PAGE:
Although alternative energy sources are now being discussed seriously by both governments and commercial corporations, the switchover from electricity is not going to as easy or as rapid as expected. The power grid continues to remain the lifeblood of energy infrastructure in most countries. Large power transformers – equipment that connects electrical networks of disparate voltages – are an inextricable part of the power grid.
A recent report by Transparency Market Research puts the compounded annual growth rate (CAGR) of the global large power transformers market
at 7.8% between 2014 and 2020. The market had an estimated valuation of US$18.35 billion in 2013 and is projected to rise to US$31.05 billion by 2020.
As Industries, Agriculture, and Homes Consume More Electricity, LPTs See Increment in Demand
The consumption of electricity has always been high, but with farm mechanization now becoming common in hitherto underdeveloped agrarian economies, the agricultural sector has also emerged as a massive consumer of electricity. Homes, too, are consuming more electricity than before with the widespread use of electrical appliances and gadgets. The cumulative effect of these changes has helped boost the demand for large power transformers that carry power ratings in the range of 100 megavolt-amperes (MVA) to 1200 MVA.
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Although demand for large power transformers is rising, it does not follow the conventional pattern any more. There is now a greater focus on large power transformers that run on alternative energy sources; companies are responding to this need. A case in point would be a large power transformer by Siemens that runs on vegetable oil – the transformer, meant for high voltages, was placed into operation in Germany in 2013. Thus, it is clear to see that while demand will remain steady, it will be heavily influenced by the changing energy consumption patterns and regulations.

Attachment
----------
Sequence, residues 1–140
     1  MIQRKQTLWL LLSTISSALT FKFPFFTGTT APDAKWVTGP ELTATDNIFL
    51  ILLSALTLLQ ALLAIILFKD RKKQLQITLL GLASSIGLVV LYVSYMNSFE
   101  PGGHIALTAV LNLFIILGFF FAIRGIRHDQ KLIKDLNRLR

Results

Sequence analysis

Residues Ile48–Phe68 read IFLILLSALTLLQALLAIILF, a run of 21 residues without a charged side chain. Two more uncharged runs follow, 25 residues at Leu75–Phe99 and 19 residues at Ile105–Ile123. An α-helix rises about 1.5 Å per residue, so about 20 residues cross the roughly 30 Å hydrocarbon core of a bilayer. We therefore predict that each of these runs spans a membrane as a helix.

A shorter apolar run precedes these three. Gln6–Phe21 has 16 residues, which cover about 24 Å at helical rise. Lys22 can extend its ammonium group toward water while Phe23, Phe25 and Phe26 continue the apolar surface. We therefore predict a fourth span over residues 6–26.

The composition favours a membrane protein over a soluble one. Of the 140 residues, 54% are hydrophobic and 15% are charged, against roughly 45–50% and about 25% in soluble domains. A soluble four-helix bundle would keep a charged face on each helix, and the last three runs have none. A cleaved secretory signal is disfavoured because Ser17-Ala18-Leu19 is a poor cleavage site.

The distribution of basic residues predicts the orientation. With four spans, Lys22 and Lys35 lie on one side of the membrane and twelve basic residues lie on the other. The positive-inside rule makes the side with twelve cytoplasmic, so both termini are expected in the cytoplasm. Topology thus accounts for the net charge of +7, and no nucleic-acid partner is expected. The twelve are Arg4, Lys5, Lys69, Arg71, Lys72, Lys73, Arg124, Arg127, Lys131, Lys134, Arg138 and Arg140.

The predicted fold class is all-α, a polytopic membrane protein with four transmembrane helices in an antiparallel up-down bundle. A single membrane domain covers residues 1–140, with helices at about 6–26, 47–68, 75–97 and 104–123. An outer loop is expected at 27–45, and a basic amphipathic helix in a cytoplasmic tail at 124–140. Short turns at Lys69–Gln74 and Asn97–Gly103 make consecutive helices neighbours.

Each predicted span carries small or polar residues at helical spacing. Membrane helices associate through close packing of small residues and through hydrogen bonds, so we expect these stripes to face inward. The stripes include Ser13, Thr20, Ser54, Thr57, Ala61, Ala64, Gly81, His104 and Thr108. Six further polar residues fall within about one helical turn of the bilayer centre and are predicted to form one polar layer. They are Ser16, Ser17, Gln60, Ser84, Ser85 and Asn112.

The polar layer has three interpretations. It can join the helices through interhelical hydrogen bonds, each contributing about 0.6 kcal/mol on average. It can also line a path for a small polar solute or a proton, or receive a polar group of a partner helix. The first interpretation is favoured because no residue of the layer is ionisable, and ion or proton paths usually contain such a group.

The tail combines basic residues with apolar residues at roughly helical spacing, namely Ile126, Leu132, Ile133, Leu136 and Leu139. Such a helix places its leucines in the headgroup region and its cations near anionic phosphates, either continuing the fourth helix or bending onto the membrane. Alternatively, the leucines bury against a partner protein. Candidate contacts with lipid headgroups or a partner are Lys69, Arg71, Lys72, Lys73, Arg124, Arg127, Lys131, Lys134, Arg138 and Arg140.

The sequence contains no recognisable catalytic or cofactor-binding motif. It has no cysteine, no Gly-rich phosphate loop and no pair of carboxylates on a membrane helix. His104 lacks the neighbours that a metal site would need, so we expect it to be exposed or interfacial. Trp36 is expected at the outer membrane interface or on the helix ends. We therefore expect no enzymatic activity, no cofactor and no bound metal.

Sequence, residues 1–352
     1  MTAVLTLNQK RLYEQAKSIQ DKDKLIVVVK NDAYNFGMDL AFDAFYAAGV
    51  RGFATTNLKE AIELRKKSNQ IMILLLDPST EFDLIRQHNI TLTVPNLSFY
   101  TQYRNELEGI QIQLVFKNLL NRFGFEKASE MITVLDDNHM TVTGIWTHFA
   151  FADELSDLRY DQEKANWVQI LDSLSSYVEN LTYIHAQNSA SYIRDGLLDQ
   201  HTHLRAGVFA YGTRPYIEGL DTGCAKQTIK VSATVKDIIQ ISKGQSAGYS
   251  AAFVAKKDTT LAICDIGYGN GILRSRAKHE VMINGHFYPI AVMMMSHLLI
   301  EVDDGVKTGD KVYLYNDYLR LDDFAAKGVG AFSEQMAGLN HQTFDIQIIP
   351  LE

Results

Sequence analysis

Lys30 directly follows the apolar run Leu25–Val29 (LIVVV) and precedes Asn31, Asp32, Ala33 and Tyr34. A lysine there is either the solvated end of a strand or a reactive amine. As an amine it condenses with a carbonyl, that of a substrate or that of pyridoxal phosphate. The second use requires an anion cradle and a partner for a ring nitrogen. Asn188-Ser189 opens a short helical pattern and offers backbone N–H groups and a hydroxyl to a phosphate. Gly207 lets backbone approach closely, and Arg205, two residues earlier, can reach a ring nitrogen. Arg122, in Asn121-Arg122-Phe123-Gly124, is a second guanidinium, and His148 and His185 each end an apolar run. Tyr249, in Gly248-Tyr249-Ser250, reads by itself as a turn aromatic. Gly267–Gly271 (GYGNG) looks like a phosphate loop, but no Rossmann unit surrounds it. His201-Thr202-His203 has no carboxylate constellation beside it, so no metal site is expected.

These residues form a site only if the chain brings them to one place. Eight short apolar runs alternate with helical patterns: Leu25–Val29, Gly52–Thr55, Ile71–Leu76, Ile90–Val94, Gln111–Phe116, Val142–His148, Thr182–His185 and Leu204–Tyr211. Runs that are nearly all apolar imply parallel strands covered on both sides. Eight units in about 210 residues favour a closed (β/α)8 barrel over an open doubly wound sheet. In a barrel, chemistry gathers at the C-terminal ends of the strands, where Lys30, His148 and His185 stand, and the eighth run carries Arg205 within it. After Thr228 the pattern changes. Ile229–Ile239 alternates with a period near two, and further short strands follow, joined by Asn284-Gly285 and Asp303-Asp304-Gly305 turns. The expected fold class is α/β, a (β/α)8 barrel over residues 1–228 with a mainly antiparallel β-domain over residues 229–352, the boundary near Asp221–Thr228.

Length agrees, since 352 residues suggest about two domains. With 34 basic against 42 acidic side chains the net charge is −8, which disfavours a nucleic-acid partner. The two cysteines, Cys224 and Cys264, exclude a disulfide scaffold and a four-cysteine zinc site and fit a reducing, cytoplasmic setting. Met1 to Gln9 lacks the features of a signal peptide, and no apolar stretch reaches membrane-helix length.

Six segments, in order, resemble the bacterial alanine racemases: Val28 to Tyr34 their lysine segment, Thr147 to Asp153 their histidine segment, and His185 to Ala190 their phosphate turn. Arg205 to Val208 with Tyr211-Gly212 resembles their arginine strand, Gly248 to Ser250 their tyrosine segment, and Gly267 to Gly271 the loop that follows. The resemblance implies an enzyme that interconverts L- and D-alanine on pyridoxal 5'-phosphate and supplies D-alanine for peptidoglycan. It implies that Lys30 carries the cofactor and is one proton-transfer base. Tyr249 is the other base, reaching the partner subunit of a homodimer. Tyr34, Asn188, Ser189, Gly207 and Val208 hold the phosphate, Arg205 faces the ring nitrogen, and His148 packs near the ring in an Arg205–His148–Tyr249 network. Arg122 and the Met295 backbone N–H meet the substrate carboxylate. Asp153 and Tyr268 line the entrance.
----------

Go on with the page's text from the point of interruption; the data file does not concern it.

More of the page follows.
Large Power Transformer Companies Still Struggling to Build Immunity against External Forces
Manufacturing and installing a large power transformer is both time- and cost-intensive. But in the larger scheme of things, that’s not the key concern for companies in the power transformers market. Braving the volatility in raw material costs is the biggest factor that market players have to contend with. Copper and electrical steel are the two basic raw materials that go into the making of large power transformers; these two materials constitute nearly 50% of the total cost of such equipment. Both of these commodities have been vulnerable to the vagaries of the market in recent years.
This not only challenges the very manufacturing schedules and lead times of companies in the large power transformers market, but affects the more basic procurement strategies. The demand for copper as well as electrical steel has been rising because of higher energy transmission investments in developing countries and infrastructure upgrade projects in developed regions. This presents an additional growth impediment that large power transformer makers are forced to brave.
Large Power Transformers Market Swings Eastward
Currently, the developed countries constitute the largest LPT markets globally; but their installed base is aging rapidly. This ups the risk of failure, and hence, the demand for LPT upgrades will remain high in the traditional markets.
The future, however, belongs to the Asia Pacific and RoW economies where new investments are being pumped in to ensure greater energy security. This makes the RoW and Asia Pacific the most attractive regions in the global large power transformers market. The increasing ratio of electrification in countries such as China and India will drive the market ahead over the next five years.